Starting in 2023, retail beef buyers may see the statement “Dedicated to Humane Animal Care and Climate-Friendly Practices” on packaging and marketing of the brand.
“We landed on this statement through consumer research,” Erceg said. “It’s not something that connects with cattlemen; those aren’t words we’d use to describe cattle production. But it is what cattle producers are doing and it resonates with consumers.”
Supporting the statement requires more information on production practices to verify how you’re caring for cattle and managing the land.
Quantifying practices at the ranch is challenging, but accredited certifications like Beef Quality Assurance (BQA) verify producers’ dedication to animal welfare to consumers. That’s why CAB is asking Angus breeders and commercial cattlemen to share their BQA or equivalent certification with the brand.
“It’s doing things like BQA certification, keeping good production records and having a grazing management plan,” Erceg said when speaking about increasing consumers’ trust. “As a food marketer, I can take that information and use it to garner more value for your product.”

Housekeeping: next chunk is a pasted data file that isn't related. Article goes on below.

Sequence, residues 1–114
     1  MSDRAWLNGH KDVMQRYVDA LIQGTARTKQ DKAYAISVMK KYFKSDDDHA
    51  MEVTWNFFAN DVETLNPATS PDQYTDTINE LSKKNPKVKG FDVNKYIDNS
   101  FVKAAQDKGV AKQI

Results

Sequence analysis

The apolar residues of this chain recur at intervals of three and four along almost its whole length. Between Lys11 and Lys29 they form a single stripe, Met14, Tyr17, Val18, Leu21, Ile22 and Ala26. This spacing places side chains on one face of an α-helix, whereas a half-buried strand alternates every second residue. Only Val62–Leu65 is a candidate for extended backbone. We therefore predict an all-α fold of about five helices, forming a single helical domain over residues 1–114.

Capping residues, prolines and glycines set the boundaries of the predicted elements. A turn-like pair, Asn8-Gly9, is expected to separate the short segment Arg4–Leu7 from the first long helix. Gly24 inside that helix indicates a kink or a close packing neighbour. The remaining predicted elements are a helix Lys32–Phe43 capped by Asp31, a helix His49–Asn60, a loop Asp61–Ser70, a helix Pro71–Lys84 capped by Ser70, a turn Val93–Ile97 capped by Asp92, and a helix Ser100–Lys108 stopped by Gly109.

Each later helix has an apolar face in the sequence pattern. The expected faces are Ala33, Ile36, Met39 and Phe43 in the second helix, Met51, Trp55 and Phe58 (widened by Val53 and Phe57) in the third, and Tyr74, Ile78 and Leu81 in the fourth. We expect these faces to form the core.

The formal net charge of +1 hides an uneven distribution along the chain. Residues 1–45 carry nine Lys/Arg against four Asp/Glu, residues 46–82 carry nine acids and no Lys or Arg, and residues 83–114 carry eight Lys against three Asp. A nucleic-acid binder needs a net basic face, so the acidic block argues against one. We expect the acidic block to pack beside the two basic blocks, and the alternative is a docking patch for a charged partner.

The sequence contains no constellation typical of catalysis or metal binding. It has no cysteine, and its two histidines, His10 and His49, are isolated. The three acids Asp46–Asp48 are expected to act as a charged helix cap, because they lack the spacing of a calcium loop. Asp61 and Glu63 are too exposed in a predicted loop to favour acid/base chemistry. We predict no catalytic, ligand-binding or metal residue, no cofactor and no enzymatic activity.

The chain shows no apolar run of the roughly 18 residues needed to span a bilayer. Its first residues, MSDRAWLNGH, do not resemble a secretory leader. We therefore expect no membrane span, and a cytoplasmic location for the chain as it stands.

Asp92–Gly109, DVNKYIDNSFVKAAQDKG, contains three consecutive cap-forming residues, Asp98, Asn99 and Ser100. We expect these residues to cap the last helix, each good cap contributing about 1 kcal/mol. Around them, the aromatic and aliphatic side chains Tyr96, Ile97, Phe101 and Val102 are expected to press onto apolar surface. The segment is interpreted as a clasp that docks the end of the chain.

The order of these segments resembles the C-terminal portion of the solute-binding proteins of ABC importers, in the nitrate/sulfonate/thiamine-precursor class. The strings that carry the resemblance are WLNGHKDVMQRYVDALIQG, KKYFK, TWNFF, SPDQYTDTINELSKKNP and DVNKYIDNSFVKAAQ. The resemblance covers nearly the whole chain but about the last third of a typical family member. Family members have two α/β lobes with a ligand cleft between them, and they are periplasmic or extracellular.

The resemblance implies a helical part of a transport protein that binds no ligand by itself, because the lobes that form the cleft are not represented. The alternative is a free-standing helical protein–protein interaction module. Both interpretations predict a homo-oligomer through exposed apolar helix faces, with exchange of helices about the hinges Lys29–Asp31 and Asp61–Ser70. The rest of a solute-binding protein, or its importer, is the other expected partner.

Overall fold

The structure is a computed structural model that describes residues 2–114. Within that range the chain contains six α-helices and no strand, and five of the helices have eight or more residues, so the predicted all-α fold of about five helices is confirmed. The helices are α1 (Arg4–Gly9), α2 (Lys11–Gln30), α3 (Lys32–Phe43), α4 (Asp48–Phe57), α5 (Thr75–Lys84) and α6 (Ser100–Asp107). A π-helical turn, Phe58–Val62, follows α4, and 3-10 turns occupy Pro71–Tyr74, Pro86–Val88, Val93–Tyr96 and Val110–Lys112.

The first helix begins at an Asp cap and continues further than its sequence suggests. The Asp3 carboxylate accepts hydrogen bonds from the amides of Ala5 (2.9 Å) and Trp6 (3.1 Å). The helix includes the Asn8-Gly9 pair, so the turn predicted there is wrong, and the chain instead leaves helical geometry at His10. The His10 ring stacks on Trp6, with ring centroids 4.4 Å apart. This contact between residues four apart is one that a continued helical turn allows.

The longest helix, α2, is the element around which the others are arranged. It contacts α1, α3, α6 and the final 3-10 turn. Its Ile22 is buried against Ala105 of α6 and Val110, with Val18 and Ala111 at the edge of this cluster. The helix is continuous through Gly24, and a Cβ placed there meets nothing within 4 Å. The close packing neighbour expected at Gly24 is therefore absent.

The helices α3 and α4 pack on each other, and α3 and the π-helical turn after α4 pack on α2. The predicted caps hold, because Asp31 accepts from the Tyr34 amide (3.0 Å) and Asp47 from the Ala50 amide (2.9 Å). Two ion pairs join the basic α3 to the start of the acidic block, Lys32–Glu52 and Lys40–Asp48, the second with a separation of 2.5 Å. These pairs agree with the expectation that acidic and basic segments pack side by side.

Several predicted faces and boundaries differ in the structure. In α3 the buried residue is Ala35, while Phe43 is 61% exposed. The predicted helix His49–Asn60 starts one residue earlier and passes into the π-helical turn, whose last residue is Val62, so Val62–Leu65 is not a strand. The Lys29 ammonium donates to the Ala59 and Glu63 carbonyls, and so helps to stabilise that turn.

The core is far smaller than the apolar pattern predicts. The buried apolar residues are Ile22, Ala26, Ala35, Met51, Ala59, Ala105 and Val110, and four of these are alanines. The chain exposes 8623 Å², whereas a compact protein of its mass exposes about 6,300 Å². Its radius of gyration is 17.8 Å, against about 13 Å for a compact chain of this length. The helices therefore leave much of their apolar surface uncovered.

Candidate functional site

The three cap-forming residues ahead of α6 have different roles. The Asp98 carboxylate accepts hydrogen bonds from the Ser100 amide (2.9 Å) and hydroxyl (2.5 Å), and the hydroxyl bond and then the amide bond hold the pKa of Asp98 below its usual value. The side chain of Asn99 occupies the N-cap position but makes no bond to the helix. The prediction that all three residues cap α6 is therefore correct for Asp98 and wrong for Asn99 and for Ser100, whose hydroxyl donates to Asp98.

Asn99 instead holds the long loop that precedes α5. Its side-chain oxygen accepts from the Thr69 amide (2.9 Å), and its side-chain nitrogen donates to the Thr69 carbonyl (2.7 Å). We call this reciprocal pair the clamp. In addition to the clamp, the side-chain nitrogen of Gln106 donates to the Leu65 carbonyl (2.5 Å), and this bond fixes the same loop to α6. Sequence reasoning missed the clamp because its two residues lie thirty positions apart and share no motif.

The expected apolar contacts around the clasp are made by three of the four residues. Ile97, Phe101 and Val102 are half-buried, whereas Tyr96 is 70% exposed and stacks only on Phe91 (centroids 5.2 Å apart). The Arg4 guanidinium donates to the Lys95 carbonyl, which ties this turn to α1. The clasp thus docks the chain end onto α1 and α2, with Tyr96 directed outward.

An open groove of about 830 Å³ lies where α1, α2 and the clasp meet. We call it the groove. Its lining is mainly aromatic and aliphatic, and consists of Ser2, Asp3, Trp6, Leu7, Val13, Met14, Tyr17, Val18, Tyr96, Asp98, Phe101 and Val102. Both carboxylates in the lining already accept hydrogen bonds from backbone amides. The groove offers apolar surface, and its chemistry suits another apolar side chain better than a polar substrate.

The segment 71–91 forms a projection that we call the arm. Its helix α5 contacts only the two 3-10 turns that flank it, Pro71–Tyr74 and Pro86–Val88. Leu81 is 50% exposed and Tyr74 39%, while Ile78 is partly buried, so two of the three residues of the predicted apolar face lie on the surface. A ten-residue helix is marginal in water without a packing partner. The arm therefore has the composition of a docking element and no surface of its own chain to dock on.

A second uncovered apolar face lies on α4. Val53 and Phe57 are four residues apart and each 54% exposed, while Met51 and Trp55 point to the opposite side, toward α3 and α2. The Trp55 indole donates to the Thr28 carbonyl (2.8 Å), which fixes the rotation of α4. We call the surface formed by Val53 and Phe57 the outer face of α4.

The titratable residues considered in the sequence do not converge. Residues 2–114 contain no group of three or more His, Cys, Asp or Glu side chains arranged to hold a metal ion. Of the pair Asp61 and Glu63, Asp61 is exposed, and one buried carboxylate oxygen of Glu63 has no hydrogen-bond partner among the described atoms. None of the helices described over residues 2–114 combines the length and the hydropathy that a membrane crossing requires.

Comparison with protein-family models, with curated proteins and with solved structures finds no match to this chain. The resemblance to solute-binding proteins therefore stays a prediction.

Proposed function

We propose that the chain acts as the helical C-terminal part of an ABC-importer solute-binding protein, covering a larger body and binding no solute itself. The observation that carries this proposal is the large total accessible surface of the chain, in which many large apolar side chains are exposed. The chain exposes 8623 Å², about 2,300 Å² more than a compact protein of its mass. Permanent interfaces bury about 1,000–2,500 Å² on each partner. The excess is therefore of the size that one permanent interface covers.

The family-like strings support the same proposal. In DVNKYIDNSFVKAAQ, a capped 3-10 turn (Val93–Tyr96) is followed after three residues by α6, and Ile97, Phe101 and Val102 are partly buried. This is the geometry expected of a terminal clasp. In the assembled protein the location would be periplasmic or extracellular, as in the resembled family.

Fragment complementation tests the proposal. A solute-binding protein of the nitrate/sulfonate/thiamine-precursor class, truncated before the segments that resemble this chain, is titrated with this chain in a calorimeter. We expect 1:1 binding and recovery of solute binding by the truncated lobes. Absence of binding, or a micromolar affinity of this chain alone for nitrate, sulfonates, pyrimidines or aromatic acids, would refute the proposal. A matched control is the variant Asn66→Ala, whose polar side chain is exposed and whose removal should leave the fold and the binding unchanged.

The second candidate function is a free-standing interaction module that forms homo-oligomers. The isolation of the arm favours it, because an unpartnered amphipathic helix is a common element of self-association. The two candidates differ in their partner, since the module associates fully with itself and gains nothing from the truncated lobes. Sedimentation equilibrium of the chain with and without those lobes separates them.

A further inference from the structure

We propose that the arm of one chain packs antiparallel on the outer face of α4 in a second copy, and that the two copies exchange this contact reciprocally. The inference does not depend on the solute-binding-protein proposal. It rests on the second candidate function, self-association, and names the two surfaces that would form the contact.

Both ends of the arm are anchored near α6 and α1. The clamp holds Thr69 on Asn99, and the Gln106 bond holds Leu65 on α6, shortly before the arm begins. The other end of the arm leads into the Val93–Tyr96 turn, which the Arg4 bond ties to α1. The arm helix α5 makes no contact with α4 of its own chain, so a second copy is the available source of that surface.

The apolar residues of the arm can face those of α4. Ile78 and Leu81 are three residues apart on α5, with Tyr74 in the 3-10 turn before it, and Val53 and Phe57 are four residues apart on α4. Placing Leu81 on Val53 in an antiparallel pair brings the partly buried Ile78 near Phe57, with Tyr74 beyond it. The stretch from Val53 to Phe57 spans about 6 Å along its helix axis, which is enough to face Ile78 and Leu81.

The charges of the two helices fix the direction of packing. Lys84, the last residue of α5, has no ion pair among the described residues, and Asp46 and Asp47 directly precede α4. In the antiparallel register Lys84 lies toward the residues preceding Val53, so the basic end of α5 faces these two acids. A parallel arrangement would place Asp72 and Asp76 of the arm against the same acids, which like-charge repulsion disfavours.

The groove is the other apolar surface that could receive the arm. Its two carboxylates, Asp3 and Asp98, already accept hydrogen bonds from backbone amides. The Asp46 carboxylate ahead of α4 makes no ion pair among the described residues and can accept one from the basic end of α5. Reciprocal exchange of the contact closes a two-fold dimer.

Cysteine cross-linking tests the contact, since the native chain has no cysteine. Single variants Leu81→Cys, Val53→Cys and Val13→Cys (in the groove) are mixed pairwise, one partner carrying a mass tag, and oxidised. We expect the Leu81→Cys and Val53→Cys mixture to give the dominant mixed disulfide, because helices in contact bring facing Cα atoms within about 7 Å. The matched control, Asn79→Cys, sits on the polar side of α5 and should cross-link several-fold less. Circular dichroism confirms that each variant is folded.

If you’re BQA certified and would like to share your certificate with CAB, visit CutTheBull.info.
Taking care of the land provides sustainable resources for cattlemen to raise premium beef year after year. The Working Grasslands Conservation Initiative supports the “climate-friendly” part of the marketing claim by creating a collaboration to measure environmental practices with Ducks Unlimited.